How Daron Roberts ’07 went from HLS to the NFL
In the spring of 2007, HLS Professor David Wilkins ’80 asked the members of his seminar to envision their futures. One student foresaw a federal judicial appointment. Another wanted to make partner at a prominent law firm. Also in the class was Daron Roberts ’07, who had a different sort of answer. He wanted to be head coach at a national football powerhouse.
The pronouncement was a bit of a surprise even to Roberts. The 3L hadn’t had any football experience since his days as an All-District strong safety for Mount Pleasant (Texas) High School. A University of Texas graduate with a year on Capitol Hill and two years at the Kennedy School under his belt, he had thought of being a politician—perhaps spending a few years at a Texas law firm before moving into public service. Now all that was to be postponed. Graciously but firmly, Roberts turned down job offers from international law heavyweights like Vinson & Elkins. There was no longer a fallback option.
The turning point had come the previous summer, at a South Carolina youth football camp where Roberts volunteered during a break in his internship schedule. There, he says, he realized he was reliving his “best days” as a high school player, marveling anew at the power of the game to bring young men together, and at his own desire to mentor the campers. “I remember flying back, leaving there and thinking, I’ve got to coach football,” he recalls. “And I’ve got to do it now.”
Roberts set his sights high, offering his services to all 32 National Football League teams and to the top 50 college programs as well. “After five years at a setting like Harvard, my only inclination was to be a part of the best program that would take me,” he recalls. “I always envisioned the NFL as where I want to be—the NFL is the Harvard of football.” Roberts was willing to work for no pay beginning after his graduation in June 2007—that is, if anyone would have him.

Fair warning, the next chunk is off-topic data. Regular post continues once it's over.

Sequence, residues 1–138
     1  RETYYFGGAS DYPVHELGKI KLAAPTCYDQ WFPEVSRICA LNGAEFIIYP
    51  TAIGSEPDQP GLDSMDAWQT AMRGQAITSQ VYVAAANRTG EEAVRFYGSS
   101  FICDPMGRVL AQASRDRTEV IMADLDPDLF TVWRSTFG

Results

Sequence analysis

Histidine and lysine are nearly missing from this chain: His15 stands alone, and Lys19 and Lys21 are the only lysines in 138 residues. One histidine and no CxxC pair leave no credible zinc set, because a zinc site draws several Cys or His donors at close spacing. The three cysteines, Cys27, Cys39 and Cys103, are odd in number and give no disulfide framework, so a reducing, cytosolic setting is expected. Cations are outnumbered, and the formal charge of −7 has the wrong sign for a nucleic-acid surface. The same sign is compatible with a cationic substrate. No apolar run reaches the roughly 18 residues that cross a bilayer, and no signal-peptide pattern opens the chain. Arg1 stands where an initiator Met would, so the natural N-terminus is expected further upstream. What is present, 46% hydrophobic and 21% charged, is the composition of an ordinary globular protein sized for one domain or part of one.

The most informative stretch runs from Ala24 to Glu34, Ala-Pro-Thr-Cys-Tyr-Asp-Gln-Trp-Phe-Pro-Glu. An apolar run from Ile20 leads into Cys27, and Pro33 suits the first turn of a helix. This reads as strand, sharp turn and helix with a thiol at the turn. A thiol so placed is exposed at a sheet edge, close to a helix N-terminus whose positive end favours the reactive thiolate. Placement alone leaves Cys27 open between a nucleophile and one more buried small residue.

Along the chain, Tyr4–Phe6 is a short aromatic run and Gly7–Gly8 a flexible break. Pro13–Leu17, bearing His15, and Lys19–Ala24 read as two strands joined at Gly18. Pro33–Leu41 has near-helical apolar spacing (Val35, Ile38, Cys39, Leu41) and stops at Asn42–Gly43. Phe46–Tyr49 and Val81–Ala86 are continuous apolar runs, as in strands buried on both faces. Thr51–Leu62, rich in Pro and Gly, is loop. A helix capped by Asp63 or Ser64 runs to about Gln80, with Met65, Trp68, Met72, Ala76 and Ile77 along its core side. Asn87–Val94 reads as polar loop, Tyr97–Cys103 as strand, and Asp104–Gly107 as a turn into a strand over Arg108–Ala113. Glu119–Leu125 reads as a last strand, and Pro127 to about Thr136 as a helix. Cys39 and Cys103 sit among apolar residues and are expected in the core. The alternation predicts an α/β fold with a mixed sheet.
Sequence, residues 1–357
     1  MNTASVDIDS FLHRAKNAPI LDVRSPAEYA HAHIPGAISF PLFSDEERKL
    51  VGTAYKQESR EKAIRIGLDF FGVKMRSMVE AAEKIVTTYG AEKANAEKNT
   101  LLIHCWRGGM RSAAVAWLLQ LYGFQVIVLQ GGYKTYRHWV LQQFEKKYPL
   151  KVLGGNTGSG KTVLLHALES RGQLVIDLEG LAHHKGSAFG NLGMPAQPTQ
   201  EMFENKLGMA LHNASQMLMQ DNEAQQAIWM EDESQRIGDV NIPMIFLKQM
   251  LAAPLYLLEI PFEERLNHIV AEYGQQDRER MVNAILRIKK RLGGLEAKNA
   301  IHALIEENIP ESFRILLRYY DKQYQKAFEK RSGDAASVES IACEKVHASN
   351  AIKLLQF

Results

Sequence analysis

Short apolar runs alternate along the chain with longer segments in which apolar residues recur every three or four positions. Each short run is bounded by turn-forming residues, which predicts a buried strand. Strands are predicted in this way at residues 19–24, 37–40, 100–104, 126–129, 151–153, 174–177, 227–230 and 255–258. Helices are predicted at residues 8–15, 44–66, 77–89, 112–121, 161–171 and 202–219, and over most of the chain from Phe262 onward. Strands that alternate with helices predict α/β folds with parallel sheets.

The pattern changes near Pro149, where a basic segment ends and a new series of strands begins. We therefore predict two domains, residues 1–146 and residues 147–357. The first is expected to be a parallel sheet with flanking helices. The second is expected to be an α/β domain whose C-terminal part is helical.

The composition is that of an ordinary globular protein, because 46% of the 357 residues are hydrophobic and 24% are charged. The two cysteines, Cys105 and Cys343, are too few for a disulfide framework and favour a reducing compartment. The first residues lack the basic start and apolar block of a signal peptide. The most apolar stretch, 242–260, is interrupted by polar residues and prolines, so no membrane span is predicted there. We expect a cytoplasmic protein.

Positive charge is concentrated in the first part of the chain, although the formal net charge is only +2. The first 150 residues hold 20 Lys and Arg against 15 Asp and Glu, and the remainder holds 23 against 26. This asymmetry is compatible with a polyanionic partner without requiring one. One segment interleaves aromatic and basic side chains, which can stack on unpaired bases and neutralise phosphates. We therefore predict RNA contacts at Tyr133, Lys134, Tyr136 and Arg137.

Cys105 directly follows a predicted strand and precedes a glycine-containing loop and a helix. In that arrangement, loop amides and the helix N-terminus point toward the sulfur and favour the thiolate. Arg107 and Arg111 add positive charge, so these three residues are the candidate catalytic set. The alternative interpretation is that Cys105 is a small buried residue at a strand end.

As it happens, there was only one person who would. Just two months before receiving his law school diploma, Roberts got a call from Herman Edwards, then coach of the NFL’s Kansas City Chiefs. Edwards offered a coaching internship. His rationale? “He said, ‘If you can get through the first year of Harvard Law School, then you ought to be able to make it through training camp,’” Roberts recalls.
That proved to be the case. While friends at notoriously demanding firms proved their mettle with late nights and early mornings, Roberts kept pace and then some. After Edwards agreed, at the end of training camp, to let him stay on with the Chiefs through the 2007 season, he began spending nights on a mattress in a stadium closet to make sure he was ready for work each day at 4:30 a.m. The commitment made an impression. In 2008, the Chiefs hired Roberts to a full-time position as a defensive quality control assistant. In 2009, he made the move to the Detroit Lions, where he now helps coach the team’s secondary.
The transition—from law student to professional coach—has been breathtakingly rapid. According to Shaun Mathew ’07, when someone asks him which of his law school friends has the most interesting job, he inevitably tells them about Roberts. “I have even more fun answering their next question,” says Mathew: “‘How is that even possible?’”
But Roberts remains grounded, and focused on mentorship. He recently launched a free camp—“4th and 1”—for younger players in east Texas, emphasizing football skills in the morning, SAT skills in the afternoon and life skills at night. Cambridge, he says, often seems closer than ever. “Drafting legal arguments and drafting a game plan in the NFL are really two identical exercises,” he says. “What’s my opponent’s best argument? How do I combat that argument? What are the counterarguments to my position? That’s very similar to us asking, Who is their best player? How do we stop their best player? What will be their next move?”
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